Immigration Needs Trust-Building Champions
It is well documented that in addition to Canada’s Indigenous population, our country is a nation of immigrants. Sadly, our new research shows dangerously low trust levels among Canadians in the immigration system and the handling of refugees.
Immigration is too important to lose public confidence. Leaders have a choice: stem the decline and become trust builders or set the house on fire and suffer the economic and social consequences. This rather blunt assessment is our conclusion based on the 2019 Proof CanTrust Index findings.
Without immigration, Canada’s population will start to shrink in twenty years. It is not a question of if, but how many immigrants. Recent governments of both Conservative and Liberal colours have set annual immigration levels at 250,000 to 300,000 people. Over 20 percent of people living in Canada and over 50 percent of people living in Toronto were born elsewhere.
Canada has also been generous in response to humanitarian crises, accepting thousands of Vietnamese refugees in the 1980s and large numbers of Syrian refugees in the past few years. Our welcoming of newcomers has been driven by both economic benefit and compassion.
This acceptance cannot be taken for granted. This week, on June 9th, was the 80th anniversary of the Canadian government’s 1939 decision to turn away the vessel MS St. Louis and the 900 Jewish passengers it carried. Approximately one-third of those passengers ended up dying in the Holocaust.
My grandparents came to Canada in the early 1900s for the same reason as immigrants arrive today – the opportunity for freedom, safety and prosperity. As is pointed out by the Century Initiative think tank, Canada accepted 400,000 immigrants in 1913, which would have been over five percent of the population that year.
Despite the historic facts, our research shows that trust in Canada’s immigration system is surprisingly weak. Only 2 in 5 Canadians trust our system. For handling immigration, only 41 percent of Canadians trust the system to do what is right for Canadian society. For handling refugees, only 3 percent trust the system to do what is right for Canada. In terms of balancing the plight of refugees with the needs of the country, barely a third of Canadians express trust.
Digging deeper, the national averages are even more troubling when we look at responses based upon political party preferences. Among Canadians who identify as supporters of the Conservative Party, trust in the immigration system falls to 23 percent. Trust in the refugee system is only 20 percent.
By contrast, those Canadians who identify as Liberal supporters exceed the national average for trust in the system. The immigration system is trusted by 68 percent of Liberals to do what is right for Canadian society and the refugee system is at 60 percent.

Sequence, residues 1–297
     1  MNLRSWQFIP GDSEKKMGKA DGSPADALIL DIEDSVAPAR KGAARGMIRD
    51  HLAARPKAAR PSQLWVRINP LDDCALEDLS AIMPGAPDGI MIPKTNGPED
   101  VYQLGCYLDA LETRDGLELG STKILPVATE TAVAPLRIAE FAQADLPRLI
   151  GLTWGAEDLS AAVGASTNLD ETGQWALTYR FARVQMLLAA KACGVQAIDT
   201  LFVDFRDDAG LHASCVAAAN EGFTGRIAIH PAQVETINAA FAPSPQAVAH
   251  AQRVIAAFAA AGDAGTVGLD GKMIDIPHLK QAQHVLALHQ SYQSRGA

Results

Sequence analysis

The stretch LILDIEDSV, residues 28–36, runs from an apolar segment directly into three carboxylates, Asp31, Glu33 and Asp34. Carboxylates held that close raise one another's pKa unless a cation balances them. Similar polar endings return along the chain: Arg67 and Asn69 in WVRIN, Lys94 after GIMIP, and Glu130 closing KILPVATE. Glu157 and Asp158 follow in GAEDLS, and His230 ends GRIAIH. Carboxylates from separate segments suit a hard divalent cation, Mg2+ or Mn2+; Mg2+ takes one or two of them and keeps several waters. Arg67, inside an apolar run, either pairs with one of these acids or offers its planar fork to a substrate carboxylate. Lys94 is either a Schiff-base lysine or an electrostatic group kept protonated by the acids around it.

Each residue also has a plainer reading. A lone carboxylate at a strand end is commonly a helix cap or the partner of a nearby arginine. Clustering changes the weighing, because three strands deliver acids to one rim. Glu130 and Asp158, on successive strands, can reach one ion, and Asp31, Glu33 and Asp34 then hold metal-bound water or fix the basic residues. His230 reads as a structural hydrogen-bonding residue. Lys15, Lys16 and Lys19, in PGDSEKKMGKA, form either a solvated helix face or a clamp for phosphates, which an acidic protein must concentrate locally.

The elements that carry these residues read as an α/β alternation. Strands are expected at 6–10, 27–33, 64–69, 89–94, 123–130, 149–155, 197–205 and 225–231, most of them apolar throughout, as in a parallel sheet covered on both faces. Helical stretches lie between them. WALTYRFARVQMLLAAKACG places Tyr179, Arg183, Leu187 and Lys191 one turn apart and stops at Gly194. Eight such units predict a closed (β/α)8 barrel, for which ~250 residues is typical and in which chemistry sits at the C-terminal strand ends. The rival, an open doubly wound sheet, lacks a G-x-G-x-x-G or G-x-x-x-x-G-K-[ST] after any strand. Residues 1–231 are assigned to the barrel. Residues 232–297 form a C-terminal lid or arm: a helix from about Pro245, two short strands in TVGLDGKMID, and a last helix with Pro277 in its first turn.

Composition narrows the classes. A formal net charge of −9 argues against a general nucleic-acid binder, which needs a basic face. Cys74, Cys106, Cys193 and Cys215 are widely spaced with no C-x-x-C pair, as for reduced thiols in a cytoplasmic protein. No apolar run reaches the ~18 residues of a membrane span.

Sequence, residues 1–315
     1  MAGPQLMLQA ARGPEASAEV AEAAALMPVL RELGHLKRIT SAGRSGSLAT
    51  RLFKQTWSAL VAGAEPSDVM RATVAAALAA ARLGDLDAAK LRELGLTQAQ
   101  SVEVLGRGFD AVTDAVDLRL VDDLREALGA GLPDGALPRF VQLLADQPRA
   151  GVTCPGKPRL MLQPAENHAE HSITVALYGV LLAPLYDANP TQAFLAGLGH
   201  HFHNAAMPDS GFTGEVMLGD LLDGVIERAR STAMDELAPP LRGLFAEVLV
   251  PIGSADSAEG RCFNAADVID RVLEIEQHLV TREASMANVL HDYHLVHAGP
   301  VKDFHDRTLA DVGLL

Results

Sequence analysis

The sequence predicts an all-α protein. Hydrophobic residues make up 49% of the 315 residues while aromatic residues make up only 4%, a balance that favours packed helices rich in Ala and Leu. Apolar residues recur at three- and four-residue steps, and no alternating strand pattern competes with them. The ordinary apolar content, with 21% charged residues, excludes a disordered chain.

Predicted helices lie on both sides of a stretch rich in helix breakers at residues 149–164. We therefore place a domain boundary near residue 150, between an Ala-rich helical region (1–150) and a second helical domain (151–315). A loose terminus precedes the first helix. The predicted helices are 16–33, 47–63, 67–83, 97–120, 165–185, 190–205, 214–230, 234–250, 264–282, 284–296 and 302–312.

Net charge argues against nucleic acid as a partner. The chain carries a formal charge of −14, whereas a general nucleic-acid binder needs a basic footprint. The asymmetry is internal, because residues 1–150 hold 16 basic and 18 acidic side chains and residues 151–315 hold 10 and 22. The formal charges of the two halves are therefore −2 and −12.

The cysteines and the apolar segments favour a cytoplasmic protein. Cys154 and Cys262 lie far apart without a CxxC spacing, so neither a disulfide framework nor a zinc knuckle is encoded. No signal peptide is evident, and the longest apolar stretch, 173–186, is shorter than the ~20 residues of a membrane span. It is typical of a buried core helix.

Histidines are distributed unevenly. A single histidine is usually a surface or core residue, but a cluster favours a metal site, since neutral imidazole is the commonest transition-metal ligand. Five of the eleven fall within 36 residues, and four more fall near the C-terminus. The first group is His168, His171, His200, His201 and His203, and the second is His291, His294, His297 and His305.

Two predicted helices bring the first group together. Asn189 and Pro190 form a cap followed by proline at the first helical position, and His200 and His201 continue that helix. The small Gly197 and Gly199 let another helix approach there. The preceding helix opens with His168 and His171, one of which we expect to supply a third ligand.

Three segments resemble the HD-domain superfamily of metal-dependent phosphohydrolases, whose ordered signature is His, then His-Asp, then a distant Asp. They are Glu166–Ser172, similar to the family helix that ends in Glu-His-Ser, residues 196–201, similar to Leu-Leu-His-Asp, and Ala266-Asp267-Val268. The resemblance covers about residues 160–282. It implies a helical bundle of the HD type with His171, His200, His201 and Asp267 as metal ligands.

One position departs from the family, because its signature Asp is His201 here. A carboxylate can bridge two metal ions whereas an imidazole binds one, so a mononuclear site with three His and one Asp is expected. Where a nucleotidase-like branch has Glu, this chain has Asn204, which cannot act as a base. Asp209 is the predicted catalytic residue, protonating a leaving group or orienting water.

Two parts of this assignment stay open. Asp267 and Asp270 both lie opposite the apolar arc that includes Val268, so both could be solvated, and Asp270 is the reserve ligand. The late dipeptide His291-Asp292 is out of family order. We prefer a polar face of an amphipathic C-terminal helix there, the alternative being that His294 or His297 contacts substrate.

When asked if Canada’s refugee system balances the plight of refugees with the needs of the country, it is trusted by 60 percent of Liberals but only 20 percent of Conservatives. In all of these questions, NDP supporters exceed the national average but fall lower than the trust of Liberals.
Another worrisome gap in trust in the immigration system among Canadians is between small communities and large urban areas. Larger communities that absorb the vast majority of immigrants trust the system by as much as 11 points higher than trust levels in communities of 50,000 people or less.
The highest levels of trust we found were with newcomers themselves. Among people who have been in Canada for fewer than 15 years, they trust the system by significantly higher levels than people born in Canada. In other words, it is immigrants who trust the greatest in the importance of immigration to benefit Canada.
Canada and our leaders should aspire toward a national consensus on our system for managing immigration and refugees. Yes, certain aspects need to be fixed, such as migrant crossings in recent years at Roxham Road. Politicians should acknowledge and communicate the important economic contribution of immigrants. Without newcomers, our ageing workforce will soon present a national crisis across public and private sector services.
Let’s have a rational debate about how refugees are processed or what levels of immigration are appropriate. Let’s not fuel fear and cynicism that the system is failing. Let’s participate in international discussions about refugees and ways to solve crises that cause people to flee other countries. Let’s not fuel fear by suggesting a global agreement for safe, orderly and regular migration is a loss of sovereignty. Immigration should be recognized as a positive contributor to economic prosperity, not as a threat to society.
Ironically, something that Canadians trust even less than the immigration system is our Parliament, at only 39 percent. The occupants of this institution should do some hard thinking about the tone and direction of debate. Do they want to be trust builders or continue to set the house on fire?